There are hundreds, if not thousands, if not hundreds of thousands of phobias out there, but looking at modern horror you wouldn’t guess that there are more than five. Director Andy Muschietti is bringing back one of the most popular recent ones in Mama, and though he does his best to avoid the overly familiar notes of the genre, at the end of the day it’s just the same song we’ve heard hundreds of times before.
The story begins with a man (Nikolaj Coster-Waldau) killing his wife and kidnapping his own daughters, Victoria and Lily (Megan Charpentier, Isabelle Nélisse). After the trio gets stranded and finds a cabin in the woods, the father dies under mysterious circumstances and the girls are left to survive alone. Five years later the dad’s twin brother, Lucas (Coster-Waldau again) finally manages to find the children – who are now in a feral state - and rescue them. Despite his punk rock girlfriend’s (Jessica Chastain) objections, they move as a family into a home where a psychiatrist (Daniel Cash) can study the children. But what they don’t know is that the mysterious spirit that protected the girls in the cabin, referred to as “Mama,” has followed them.
Yes, just months after the release of both The Possession and Sinister comes yet another movie about spooky children and the demons that haunt them, and much like the previous titles Mama fails to deliver on any originality. The film reuses tropes like escaped mental patients and grieving mothers and old ladies who know about the spirit world and does so with zero enthusiasm or creativity. The result is a story that’s boring and tame, spiced up only occasionally with cheap jump scares, all of them preceded by violent strings in the score that warn you they’re coming. Instead of creating any kind of tension the plot just moves from scene to scene, with characters picking up hints about the mystery and hiding them so that it all can all pay off in the end. The way the story moves is so predictable that by the time the reveals begin you’re not invested, because it’s all been so clear from the start.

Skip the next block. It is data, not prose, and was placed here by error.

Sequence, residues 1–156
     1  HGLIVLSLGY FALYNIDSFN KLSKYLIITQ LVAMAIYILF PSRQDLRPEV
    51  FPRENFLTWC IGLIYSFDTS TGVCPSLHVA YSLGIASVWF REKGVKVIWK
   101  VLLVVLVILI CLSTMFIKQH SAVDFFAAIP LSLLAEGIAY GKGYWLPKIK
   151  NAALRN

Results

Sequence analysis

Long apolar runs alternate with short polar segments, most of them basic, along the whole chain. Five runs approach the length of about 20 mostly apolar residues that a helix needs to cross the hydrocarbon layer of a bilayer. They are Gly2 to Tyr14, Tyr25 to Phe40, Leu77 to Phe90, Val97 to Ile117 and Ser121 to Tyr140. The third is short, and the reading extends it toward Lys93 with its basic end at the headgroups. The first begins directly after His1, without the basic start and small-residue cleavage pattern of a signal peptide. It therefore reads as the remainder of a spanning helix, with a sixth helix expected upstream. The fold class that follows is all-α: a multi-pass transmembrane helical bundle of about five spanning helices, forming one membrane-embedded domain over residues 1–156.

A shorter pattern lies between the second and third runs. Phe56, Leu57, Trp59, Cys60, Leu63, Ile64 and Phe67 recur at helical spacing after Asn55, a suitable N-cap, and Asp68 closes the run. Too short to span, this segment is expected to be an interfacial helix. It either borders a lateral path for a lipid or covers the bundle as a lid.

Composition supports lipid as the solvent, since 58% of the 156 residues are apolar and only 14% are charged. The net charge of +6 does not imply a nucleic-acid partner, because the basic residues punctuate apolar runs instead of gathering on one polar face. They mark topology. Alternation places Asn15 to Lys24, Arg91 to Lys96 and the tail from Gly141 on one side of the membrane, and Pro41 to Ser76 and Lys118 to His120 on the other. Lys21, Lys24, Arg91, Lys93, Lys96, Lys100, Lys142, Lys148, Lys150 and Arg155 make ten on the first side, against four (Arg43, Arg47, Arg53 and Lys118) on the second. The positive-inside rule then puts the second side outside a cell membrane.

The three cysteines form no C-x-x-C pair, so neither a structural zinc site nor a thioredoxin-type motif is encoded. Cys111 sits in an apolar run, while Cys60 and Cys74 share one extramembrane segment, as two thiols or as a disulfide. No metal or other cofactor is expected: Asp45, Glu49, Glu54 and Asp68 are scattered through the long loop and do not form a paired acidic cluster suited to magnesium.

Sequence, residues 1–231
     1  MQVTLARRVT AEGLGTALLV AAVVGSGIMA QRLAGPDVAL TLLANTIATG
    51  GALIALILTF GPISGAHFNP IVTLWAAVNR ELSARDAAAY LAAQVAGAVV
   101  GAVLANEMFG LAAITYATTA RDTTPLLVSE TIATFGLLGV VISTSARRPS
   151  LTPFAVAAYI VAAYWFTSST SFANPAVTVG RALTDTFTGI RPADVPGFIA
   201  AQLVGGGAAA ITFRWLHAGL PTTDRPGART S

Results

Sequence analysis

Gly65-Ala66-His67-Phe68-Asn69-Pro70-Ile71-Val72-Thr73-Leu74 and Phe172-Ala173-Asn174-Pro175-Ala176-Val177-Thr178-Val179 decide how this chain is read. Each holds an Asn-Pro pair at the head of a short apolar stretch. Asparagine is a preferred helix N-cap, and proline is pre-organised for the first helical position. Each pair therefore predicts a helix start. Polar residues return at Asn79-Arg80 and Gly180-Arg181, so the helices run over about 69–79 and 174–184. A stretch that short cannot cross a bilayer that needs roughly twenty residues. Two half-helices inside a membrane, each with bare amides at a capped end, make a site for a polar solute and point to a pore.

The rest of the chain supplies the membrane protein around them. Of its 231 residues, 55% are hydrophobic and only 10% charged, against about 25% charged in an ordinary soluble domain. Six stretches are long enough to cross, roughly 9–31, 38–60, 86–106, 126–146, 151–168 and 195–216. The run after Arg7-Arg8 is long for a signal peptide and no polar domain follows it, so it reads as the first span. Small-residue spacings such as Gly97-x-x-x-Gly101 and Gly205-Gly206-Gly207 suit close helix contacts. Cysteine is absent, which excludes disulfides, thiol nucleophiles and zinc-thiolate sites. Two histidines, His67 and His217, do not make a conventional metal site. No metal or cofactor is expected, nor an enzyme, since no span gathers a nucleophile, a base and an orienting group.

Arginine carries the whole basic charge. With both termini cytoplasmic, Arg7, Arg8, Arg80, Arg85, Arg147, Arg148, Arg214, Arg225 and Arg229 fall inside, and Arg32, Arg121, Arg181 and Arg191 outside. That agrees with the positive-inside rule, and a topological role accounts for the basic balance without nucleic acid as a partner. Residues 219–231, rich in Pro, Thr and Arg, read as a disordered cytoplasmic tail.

In some cases the film even goes as far as to undercut the scares it does have, specifically by overusing CGI. When Victoria and Lily are first discovered in the woods and have gone completely feral they’re creepy enough on their own, walking around on all fours and scampering and jumping around the cabin. Any eeriness to it, however, is totally removed when the children move in a completely unnatural way – clearly helped by visual effects – despite the fact that there’s nothing unnatural about them. The wild kids offer the movie an opportunity at real-world based scares, but instead it’s all just blurred in with the rest.
In a completely different way the CGI hurts the spooky character of Mama as well. Usually seen crawling out of walls/floors/ceilings and/or floating off the ground, it’s not hard to understand why Muschietti felt that he had to digitize the film’s villain, but it stands out in a bad way. Each time the spirit appears it’s distracting how detached it is from the rest of the scene. The film isn’t completely without moments where the Mama effect works – most notably in the final scenes – but they’re few and far between.
Pan’s Labyrinth director Guillermo del Toro notably served as an executive producer on Mama, but given the extent of his knowledge about the genre it’s hard to see exactly what he sees in it. While it has its positive points and is better than a good cross-section of the titles that make up the landscape of modern horror, the film is still trope-driven, boring and completely forgettable.
NJ native who calls LA home; lives in a Dreamatorium. A decade-plus CinemaBlend veteran; endlessly enthusiastic about the career he’s dreamt of since seventh grade.
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